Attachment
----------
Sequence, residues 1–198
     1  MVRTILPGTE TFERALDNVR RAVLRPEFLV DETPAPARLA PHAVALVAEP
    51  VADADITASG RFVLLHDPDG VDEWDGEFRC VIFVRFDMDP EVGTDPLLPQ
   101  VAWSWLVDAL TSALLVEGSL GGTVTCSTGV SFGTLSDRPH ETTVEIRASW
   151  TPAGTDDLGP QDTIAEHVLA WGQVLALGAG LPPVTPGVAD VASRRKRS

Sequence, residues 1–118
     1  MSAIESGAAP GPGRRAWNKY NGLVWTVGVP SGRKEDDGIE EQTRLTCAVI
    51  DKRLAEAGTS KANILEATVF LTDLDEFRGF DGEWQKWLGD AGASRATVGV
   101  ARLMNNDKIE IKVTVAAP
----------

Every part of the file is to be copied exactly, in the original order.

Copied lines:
Sequence, residues 1–198
     1  MVRTILPGTE TFERALDNVR RAVLRPEFLV DETPAPARLA PHAVALVAEP
    51  VADADITASG RFVLLHDPDG VDEWDGEFRC VIFVRFDMDP EVGTDPLLPQ
   101  VAWSWLVDAL TSALLVEGSL GGTVTCSTGV SFGTLSDRPH ETTVEIRASW
   151  TPAGTDDLGP QDTIAEHVLA WGQVLALGAG LPPVTPGVAD VASRRKRS

Sequence, residues 1–118
     1  MSAIESGAAP GPGRRAWNKY NGLVWTVGVP SGRKEDDGIE EQTRLTCAVI
    51  DKRLAEAGTS KANILEATVF LTDLDEFRGF DGEWQKWLGD AGASRATVGV
   101  ARLMNNDKIE IKVTVAAP